A wave-gliding robot has been deployed off the coast of San Francisco to stealthily keep an eye on great white sharks in the Pacific Ocean.
The surfbot is part of an arsenal of ocean-tracking tech that's receiving data from acoustic tags on the predators and transmitting it back to shore. Fixed buoys also pick up the sharks' signals when the animals swim within 1,000 feet (305m) of them.
"Our goal is to use revolutionary technology that increases our capacity to observe our oceans and census populations, improve fisheries management models, and monitor animal responses to climate change," said Dr Barbara Block, a Stanford University marine sciences professor leading the project.
The bright yellow, seven-foot surfbot will help the buoys to get the shark data back on dry land throughout the summer and autumn in the ocean between Monterey Bay and Tomales Point, but eventually Doc Block hopes the network could run down the entire west coast, tracking fish ranging from salmon smolts to white and mako sharks.
Just in case you're thinking about taking a dip in the water out there this summer, you can also track the sharks yourself with a free iOS app called Shark Net. Fandroids will just have to risk getting eaten.
The project is part of TOPP - Tagging of Pacific Predators - which is part of the international Census of Marine Life. TOPP gathers info from 75 boffins in five different nations to track the migrations of 4,300 different animals including sharks, seals, whales, turtles and seabirds.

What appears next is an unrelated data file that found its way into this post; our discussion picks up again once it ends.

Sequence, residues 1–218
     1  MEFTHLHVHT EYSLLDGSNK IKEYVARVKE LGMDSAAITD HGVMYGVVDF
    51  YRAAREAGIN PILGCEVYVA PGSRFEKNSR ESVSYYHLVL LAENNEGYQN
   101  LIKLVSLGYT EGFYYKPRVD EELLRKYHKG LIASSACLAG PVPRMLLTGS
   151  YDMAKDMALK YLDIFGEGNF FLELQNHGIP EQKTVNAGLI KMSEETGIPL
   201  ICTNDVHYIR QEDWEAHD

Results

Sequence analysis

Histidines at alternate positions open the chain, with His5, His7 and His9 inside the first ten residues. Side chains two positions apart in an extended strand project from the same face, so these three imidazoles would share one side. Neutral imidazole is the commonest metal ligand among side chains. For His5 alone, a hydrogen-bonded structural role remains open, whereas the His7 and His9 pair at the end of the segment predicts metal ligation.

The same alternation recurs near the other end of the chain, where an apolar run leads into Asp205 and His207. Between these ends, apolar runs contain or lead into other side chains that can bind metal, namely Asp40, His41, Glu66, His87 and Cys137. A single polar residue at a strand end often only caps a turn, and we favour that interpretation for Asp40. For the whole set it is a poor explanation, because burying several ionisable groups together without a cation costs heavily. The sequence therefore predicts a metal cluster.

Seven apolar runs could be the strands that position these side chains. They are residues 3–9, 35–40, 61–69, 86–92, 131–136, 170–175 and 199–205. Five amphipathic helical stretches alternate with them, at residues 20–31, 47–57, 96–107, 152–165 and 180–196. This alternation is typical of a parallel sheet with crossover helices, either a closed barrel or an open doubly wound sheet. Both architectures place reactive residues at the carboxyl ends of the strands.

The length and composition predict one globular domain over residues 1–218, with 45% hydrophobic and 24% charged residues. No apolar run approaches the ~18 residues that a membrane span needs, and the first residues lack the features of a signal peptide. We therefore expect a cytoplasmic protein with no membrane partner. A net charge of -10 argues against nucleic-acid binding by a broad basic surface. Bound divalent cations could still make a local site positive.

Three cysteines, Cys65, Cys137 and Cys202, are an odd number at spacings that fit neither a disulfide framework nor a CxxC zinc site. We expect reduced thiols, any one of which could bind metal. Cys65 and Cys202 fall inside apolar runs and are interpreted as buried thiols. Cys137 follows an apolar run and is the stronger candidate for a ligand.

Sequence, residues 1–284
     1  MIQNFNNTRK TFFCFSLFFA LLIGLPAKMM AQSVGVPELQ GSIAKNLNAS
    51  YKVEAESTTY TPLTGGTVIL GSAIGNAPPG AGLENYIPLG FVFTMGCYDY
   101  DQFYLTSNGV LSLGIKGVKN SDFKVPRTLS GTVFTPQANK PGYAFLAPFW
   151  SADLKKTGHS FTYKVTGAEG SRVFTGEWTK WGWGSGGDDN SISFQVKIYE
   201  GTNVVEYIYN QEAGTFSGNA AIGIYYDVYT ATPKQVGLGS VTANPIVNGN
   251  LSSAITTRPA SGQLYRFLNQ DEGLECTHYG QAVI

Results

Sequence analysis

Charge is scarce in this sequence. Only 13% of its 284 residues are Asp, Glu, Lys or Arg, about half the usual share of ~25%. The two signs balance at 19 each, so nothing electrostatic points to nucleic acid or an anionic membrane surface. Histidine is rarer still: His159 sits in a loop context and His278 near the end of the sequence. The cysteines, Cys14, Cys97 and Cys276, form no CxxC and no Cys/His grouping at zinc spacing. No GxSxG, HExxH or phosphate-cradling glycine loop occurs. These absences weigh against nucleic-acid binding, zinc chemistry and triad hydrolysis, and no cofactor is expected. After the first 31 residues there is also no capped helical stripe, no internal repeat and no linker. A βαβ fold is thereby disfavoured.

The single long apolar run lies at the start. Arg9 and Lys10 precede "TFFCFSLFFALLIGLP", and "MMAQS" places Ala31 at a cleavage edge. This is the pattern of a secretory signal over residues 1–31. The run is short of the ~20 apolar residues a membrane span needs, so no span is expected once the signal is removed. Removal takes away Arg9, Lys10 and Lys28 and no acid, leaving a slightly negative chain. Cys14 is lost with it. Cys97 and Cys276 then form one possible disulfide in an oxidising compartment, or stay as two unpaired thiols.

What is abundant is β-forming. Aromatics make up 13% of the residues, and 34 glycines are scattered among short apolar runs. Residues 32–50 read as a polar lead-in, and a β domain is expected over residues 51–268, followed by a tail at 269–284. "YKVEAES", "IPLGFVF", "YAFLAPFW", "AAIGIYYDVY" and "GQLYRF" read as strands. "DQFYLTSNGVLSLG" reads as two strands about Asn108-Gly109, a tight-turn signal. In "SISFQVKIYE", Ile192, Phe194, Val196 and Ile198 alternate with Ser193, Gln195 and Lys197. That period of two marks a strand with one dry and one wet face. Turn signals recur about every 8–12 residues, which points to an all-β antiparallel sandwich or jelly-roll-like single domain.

Ten years of data so far has pointed out the US west coast as a hotspot for predators in the Pacific, gathering data on bluefin tuna, white and mako sharks, blue whales, leatherback sea turtles, elephant seals and others during the late summer and early autumn.
That data tells the surfbot team where to put their buoys and where to guide the wave gliding tracker to follow Carcharodon carcharias (the great whites). The bot, app and other tech was funded by a $104,000 Rolex Award for Enterprise won by Doc Block earlier this year.
"My mission is to protect ocean biodiversity and the open sea," she said, adding that she's working on getting a United Nations World Heritage site designation for regions of the California current.
"This place is one of the last wild places left on Earth." ®